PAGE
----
With so much competition on the App Store, how on earth do you make yours stand out? In order to answer that question, it's worth taking a look at what's happening in a specific sector. Let's examine the recent mania for weather apps...
Lately, the App Store has been inundated with user interface-focused weather apps. In a tight market, not all weather apps can succeed. But some new apps have done so by presenting a refreshingly simple and elegant twist on the idea (*including an open-minded approach to profanity - which means the easily offended might not want to scroll down further).
In this article, I'll take a close look at three designers who've managed to make their weather app stand out, how they did it, and what you can learn from them - whatever kind of app you're building...
- Also read: How to build an app: try these great tutorials
01. Simplify to extremes
The reason people want to download apps, as opposed to using the web, is convenience. They want to find out information quickly and easily. So keep looking at your design (and those of rival apps) and asking yourself: how could this be simplified further?
The Climate Clock app shown above is a great example. Ben Wong created it because he was frustrated that his native weather app had no hourly feature. The 'Minimal Hourly World Weather Forecast' was his answer. Designed with elegance and minimalism in mind, Climate Clock it's simply a clock with a symbol, be it a cloud or the sun, for the predicted weather on each hour.
Climate Clock, unlike its more complicated counterparts, doesn’t provide specific details on the weather such humidity or atmospheric pressure. But the app’s ease of use and visual attractiveness more than makes up for the absence of those more intangible weather facts.
02. Design for yourself, not others
One approach to app creation that often bears fruit is to design it for yourself, not others.
Take Tobias van Schneider. When he began to toy around with the idea of a weather app, he did not have his sights set on pitching it to the App Store. "The reason why I designed this app was originally more because I wanted to make fun of all the current weather apps out there, just to check it off my to-do list," Schneider explained.
His app, the Authentic Weather app, is minimalistic - and as profane as it gets. This charmingly rude app boasts a symbol of the weather in the top left corner, a pearly white background and large obnoxious Akzidenz Grotesk text telling the user what the weather will be like with a huge dose of the F-word.
Though the Authentic Weather app was just a side project, Schneider was overwhelmed with positive responses. "I never expected people to ask for the real app, even though I knew people would appreciate the humour," said Schneider.
It’s one of the more bawdy weather apps that have been devised so far, but the look of the Authentic Weather app, as well as the lighthearted crowd it caters to, adds to its appeal.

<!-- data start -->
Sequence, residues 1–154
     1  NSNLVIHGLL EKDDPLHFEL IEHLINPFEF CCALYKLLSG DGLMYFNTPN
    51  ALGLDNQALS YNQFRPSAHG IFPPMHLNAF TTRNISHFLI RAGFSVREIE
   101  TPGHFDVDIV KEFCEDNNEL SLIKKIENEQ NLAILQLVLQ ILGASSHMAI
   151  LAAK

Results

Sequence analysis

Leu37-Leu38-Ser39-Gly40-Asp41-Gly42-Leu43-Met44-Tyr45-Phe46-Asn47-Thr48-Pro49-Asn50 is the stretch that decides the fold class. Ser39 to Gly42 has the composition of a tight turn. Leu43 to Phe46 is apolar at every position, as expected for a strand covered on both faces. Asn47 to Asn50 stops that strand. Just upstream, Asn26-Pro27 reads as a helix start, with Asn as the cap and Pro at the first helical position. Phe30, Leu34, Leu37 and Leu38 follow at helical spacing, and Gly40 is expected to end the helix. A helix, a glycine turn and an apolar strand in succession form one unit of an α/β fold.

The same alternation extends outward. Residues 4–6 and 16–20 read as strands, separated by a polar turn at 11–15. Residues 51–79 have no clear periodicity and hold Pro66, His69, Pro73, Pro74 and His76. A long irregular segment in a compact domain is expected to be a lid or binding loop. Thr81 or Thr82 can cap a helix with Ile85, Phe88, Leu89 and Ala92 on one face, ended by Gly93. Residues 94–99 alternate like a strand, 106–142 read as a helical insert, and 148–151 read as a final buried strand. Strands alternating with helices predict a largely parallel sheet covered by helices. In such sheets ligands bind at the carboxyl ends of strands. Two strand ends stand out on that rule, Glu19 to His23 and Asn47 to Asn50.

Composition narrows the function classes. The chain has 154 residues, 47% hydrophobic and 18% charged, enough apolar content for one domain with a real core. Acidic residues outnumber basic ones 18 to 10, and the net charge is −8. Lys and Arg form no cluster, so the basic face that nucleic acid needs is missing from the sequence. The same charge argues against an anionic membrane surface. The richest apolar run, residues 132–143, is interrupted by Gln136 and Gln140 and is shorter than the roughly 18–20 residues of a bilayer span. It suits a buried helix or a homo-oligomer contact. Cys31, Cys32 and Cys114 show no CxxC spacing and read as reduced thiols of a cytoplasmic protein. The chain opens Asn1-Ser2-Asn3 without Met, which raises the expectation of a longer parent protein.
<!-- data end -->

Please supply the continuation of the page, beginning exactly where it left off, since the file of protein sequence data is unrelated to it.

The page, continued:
03. Make it super-easy to use
Another approach to standing out in a crowded market is to make your app super-easy to use.
Cesare Rocchi took such an approach, designing his weather app, Breezi, to do as much as possible while working with as little as possible. With bright colours, a chunky white font and an intuitive approach to swiping, Breezi makes the weather truly a breeze to check.
Of course, no one is claiming that it's easy to make your app easy to use. But it's the holy grail of app development that everyone should be aiming for - and if you can pull it off, the world is your oyster...
04. Charge for it
Despite there being so many free apps out there, charging money for your app can actually be a good thing (as long as you can justify it in terms of its superior design, of course). Attaching a price tag will certainly help your app stand out, and it's surprising how many people are willing to pay for a better, aesthetically pleasing user experience.
“A beautiful interface is almost something like a super, disposal version of a cheaper car," says Wong. "People definitely want something that’s fun … you don’t have to take something away from it. It’s 99 cents, so why not?"
05. Target new devices
Despite the success of Breezi, Rocchi still feels apprehensive about the future of weather apps. "There are so many of them," he says. "The weather app as a category is exhausted. Unless new devices come up, I think it's a sort of saturated market."
But technology moves fast (it's only three years since the first iPad was launched) and new devices there certainly will be. Don't think of apps as just something for smartphones...
Wong believes new tech will offer a big opportunities to adapt and extend weather app interfaces. "There’s a big trend in wearable computing," he points out. Google Glasses may still be a prototype but he suggests "Climate Clock would be a great addition to the iWatch. You would always have it there. That would be the future of weather apps that I would like to see."
Words: Sara Clayton
Sara Clayton is a student at the University of Southern California. She is a senior editor at the Daily Trojan and an intern at Mention Mobile, a social mobile gaming startup in Los Angeles. Follow her on Twitter @saraclay15.
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Have you found success in the App Store? Tell us about your experiences in the comments below...